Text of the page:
The 50th Anniversary of Apollo 11: Celebrations taking place for mankind's first step on the moon
Two US astronauts first walked on the moon 50 years ago. This 'giant leap for mankind' remains one of humanity's greatest achievements. There are many celebrations taking place to mark the anniversary, including events in Houston, Texas, home of America's Apollo program. CGTN's Hendrik Sybrandy reports.
On July 20th, 1969, Apollo 11 astronauts reached a historic mark in the journey to man's next frontier of space, the surface of the moon.
WILLIAM HARRIS CEO, SPACE CENTER HOUSTON "This really made it tangible and real and accessible I think for people around the world."
William Harris heads NASA's Space Center Houston. Where that miraculous moment, that huge scientific achievement is being remembered exactly 50 years later.
GENE KRANZ FLIGHT DIRECTOR, APOLLO 11 "Think about this, we're 50 years into this business. I don't feel 50 years older. It's an honor to be here, an honor to be representing my mission control teams."
Apollo 11 Flight Director Gene Kranz is one of those connected with the landmark mission who've returned this weekend to honor, among others, the dozen Apollo astronauts who ended up walking on the moon.
BARBARA LOVELL HARRISON APOLLO 13 ASTRONAUT'S DAUGHTER "I think of our fathers as being those early explorers, Columbus and all of those different men and women, who discovered new worlds."
The Apollo program is really celebrated year-round at the space center. Witness the moon rocks that are always on display. In fact, parts of this complex, where astronauts trained and worked, appear frozen in time.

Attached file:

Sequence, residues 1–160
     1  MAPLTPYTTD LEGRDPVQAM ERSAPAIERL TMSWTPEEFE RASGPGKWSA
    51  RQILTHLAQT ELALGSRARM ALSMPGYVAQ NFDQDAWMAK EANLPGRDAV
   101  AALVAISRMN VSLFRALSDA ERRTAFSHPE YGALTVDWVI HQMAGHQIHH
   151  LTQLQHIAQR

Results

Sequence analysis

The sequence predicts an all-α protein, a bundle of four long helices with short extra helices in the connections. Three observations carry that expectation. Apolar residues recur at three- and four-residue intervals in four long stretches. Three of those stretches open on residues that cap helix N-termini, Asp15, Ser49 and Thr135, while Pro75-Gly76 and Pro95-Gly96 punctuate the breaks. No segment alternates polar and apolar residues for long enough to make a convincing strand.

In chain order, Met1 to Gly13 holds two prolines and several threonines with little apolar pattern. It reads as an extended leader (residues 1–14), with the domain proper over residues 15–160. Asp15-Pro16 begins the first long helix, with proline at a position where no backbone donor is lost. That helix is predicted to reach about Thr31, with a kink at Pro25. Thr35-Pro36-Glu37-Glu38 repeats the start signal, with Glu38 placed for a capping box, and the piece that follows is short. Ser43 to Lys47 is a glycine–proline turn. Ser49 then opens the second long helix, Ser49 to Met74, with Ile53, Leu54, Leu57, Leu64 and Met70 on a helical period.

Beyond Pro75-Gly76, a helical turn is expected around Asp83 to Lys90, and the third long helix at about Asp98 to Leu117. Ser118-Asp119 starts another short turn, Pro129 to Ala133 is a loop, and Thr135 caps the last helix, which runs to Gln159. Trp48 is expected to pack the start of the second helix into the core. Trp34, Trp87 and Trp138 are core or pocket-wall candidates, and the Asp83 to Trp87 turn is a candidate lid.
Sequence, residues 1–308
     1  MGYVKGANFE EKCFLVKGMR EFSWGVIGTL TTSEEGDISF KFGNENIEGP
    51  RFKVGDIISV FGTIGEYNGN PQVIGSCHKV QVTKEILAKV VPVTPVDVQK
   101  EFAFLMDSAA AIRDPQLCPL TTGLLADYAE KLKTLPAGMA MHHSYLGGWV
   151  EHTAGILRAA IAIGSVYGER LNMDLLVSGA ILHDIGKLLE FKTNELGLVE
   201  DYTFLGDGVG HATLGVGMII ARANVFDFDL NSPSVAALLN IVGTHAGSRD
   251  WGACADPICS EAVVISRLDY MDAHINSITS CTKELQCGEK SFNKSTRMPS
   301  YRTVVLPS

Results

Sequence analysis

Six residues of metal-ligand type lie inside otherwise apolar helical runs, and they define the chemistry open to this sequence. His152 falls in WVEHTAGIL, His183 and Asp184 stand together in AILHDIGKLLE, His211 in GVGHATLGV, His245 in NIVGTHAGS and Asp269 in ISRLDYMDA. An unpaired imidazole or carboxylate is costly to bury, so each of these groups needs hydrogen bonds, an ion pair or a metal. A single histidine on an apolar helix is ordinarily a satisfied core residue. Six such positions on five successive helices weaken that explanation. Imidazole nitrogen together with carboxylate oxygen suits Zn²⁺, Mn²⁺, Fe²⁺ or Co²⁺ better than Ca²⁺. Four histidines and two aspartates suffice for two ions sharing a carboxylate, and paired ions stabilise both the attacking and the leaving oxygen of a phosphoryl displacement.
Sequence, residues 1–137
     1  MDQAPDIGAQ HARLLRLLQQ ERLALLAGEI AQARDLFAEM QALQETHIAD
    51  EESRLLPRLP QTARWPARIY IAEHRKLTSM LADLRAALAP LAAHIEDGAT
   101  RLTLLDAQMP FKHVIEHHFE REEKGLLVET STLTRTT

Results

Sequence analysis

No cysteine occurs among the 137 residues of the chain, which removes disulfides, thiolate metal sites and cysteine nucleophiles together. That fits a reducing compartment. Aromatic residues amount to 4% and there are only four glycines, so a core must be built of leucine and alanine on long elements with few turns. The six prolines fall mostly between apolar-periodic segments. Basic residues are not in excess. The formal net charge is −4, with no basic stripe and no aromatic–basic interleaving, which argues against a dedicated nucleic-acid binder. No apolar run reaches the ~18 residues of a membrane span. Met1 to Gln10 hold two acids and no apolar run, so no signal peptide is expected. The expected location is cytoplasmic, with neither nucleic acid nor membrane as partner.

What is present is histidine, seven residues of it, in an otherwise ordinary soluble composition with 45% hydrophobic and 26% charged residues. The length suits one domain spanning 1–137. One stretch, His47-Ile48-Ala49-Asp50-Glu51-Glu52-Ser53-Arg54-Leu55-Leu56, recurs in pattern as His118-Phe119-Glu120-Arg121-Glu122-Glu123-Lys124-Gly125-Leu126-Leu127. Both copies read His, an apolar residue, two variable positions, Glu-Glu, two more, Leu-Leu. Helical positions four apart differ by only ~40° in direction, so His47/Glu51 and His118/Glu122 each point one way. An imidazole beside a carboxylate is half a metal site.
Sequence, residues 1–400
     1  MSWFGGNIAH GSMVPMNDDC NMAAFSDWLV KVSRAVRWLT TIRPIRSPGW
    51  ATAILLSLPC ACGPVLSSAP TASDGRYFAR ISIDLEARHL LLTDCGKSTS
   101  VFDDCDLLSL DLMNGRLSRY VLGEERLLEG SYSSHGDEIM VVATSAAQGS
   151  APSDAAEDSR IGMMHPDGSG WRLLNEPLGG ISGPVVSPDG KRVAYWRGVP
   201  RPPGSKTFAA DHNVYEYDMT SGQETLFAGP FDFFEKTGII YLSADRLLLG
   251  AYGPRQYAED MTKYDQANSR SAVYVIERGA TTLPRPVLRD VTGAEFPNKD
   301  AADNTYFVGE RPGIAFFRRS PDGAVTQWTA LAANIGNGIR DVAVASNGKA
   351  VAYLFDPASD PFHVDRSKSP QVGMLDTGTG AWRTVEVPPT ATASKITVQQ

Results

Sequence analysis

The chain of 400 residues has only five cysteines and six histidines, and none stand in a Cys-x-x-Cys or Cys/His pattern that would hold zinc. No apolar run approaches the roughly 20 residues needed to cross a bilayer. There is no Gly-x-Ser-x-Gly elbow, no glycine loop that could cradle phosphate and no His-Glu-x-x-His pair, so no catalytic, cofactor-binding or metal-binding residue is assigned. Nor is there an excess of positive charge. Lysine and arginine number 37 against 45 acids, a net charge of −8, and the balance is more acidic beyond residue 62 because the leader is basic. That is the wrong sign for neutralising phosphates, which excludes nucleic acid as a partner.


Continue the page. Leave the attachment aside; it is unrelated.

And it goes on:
HENDRIK SYBRANDY HOUSTON "This is Mission Operations Control Room 2 the way it looked back in 1969. It's been immaculately restored to its original condition. Minus of course the cigarette, cigar and pipe smoke."
But including the map that fixed the moonwalkers' exact locations, the flowers that mysteriously showed up before each mission and the coffee pot that fueled the intense work that went on here.
TOM SCOTT MISSION CONTROL HOST "It was really important that we bring this room to life."
It's time now, many space enthusiasts say, to re-fire those exploratory engines that powered an eight-year lunar sprint back then, starting with a return trip to the moon.
JACK BURNS PROFESSOR, UNIVERSITY OF COLORADO "It's the place we can get to. It's the one place we can explore easily."
Astronomer Jack Burns' goal is to place two radio telescopes on the lunar surface. He says today's advanced technology will allow us to use the moon as a stepping-stone to Mars.
JACK BURNS PROFESSOR, UNIVERSITY OF COLORADO "In going to the moon this time, what we're going to be doing is we're really going to be taking Silicon Valley with us."
No need, Harris says, for Cold War-style competition to drive our efforts.
WILLIAM HARRIS CEO, SPACE CENTER HOUSTON "It's not a reaction to something that was a perceived threat or a race against another nation, it's really about greater insight, learning, innovation and the opportunities it presents."
POPPY NORTHCUTT EX-NASA ENGINEER "I'm thrilled to have space back in the conversation."
Poppy Northcutt, NASA's first female engineer during the Apollo days, says the public's fascination with space hasn't gone away but she worries about America's political will and funding for endeavors like the proposed Artemis moon mission in 2024.
POPPY NORTHCUTT EX-NASA ENGINEER "We can get together, we can have a common goal, we can achieve great things if we have common goals, so maybe we should get another common goal."
It's worth considering, she says, half a century after the seemingly impossible became reality another world away. Hendrik Sybrandy, CGTN, Houston.